It’s a fact, our industry has achieved huge improvements in safety since the 1950s, and technology has made a significant contribution in ensuring that the safety records of the whole aviation industry have very significantly improved. 

In this series, we revisit some of the innovations that have provided a significant step change in improving the safety of our products. Today, let’s focus on the Fenestron.

One of Airbus Helicopters’ most recognisable innovations, the Fenestron, took to the skies on the second prototype of the Gazelle in 1968. It has since become emblematic of Airbus helicopters, with the H160 carrying this safety-enhancing, sound reducing technology into the next generation of rotorcraft.  

 

Reinforcing safety was the main objective of the Fenestron. The idea behind shrouding the tail rotor was initially developed to provide additional safeguards for workers on the ground but also to protect the tail rotor in forward flight and in complicated operational environments, such as working around high-voltage power lines. Sound reduction benefits followed after much research and optimisation from one generation of the Fenestron to the next. 

Originally called the “Fenestrou”, which is Provençal for “little window”, the term evolved into the renowned Fenestron. It was first certified on the Gazelle in 1972 and then subsequently integrated into the first single-engine Dauphin prototype, whose first flight was in June 1972.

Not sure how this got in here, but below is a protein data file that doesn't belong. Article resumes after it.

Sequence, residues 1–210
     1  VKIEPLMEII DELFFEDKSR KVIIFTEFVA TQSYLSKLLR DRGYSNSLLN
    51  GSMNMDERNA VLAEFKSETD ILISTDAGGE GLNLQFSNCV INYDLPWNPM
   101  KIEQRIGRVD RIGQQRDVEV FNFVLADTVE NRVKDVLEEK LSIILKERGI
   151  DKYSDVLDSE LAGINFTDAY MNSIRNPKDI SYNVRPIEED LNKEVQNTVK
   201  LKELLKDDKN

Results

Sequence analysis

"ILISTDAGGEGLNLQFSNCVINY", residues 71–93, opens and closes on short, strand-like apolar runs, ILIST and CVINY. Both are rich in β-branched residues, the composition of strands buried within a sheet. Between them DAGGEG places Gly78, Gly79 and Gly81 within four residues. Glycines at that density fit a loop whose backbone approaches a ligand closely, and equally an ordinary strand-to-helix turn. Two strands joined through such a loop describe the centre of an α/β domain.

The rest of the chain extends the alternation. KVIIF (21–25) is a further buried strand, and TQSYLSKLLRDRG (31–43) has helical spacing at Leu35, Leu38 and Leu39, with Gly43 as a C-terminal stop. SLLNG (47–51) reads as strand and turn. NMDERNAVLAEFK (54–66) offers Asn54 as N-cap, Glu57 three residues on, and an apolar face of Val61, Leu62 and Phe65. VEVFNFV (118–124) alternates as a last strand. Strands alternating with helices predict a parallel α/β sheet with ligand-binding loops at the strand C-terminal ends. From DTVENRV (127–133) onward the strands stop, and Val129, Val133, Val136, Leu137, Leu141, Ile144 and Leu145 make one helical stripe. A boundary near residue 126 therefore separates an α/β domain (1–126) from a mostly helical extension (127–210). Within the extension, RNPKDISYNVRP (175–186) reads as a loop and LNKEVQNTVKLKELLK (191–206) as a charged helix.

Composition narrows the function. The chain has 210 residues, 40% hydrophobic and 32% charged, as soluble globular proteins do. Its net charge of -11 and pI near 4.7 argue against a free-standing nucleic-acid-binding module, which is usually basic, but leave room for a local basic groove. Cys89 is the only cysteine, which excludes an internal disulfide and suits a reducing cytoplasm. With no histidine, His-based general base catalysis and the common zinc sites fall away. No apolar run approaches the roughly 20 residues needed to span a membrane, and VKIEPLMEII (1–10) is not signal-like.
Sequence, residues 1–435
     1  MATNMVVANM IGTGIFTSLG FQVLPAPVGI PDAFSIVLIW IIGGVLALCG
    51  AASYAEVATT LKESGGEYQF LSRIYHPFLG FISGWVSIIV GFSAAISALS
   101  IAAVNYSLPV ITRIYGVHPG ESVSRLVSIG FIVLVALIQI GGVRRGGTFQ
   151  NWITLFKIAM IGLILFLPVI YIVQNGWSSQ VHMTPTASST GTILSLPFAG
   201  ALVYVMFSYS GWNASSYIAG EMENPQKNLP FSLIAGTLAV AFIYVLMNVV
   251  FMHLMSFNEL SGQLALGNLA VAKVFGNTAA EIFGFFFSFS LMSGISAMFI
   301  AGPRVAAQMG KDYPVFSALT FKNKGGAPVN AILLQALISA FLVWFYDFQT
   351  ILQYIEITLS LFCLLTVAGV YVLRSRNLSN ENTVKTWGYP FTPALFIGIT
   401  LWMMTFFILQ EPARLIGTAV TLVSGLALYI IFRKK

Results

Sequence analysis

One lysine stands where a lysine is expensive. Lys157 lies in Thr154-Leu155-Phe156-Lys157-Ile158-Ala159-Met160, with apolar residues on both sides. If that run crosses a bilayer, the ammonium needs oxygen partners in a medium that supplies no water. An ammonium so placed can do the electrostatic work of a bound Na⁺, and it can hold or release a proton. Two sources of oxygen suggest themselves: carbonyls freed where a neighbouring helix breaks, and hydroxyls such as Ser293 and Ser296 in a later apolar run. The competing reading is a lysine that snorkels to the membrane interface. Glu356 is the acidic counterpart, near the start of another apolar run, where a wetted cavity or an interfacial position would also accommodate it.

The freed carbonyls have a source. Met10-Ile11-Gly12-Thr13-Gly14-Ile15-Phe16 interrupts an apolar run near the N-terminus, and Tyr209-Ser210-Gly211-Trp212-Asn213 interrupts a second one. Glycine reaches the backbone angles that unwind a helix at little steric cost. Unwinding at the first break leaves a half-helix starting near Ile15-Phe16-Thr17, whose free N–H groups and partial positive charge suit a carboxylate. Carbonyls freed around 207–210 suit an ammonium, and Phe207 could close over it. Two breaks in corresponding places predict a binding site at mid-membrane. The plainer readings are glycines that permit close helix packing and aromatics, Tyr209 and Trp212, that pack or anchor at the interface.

The second generation came at the end of the 1970s with an all-composite Fenestron, which increased the diameter of the new Dauphin’s Fenestron by 20% up to 1.10 m. This improvement was motivated by the U.S. Coast Guards’ requirement for a highly manoeuvrable aircraft for Search and Rescue operations. The U.S. Coast Guards aircraft are still in service today and have accumulated more than 1.5 million flight hours.  

 

In the meantime, research continued to optimise the shape of the Fenestron, blade foils, and to improve sound reduction, especially during certain phases of flight. 

 

In 1994, the 3rd generation was fitted onto the H135 and optimised sound levels by using an uneven setting of the blades. In 1999 the H130 performed its maiden flight with a Fenestron derived from this version. The H145 followed suit in 2010.  

 

Today, the H160 possesses the latest and largest Fenestron to be built on an Airbus helicopter with a diameter of 1.20 m. The fact that it is canted to 12° allows for improved performance with an additional payload and increased stability especially at low speed. With the H160, the Fenestron will be one of Airbus helicopters’ signatures in the skies for decades to come.

 

 

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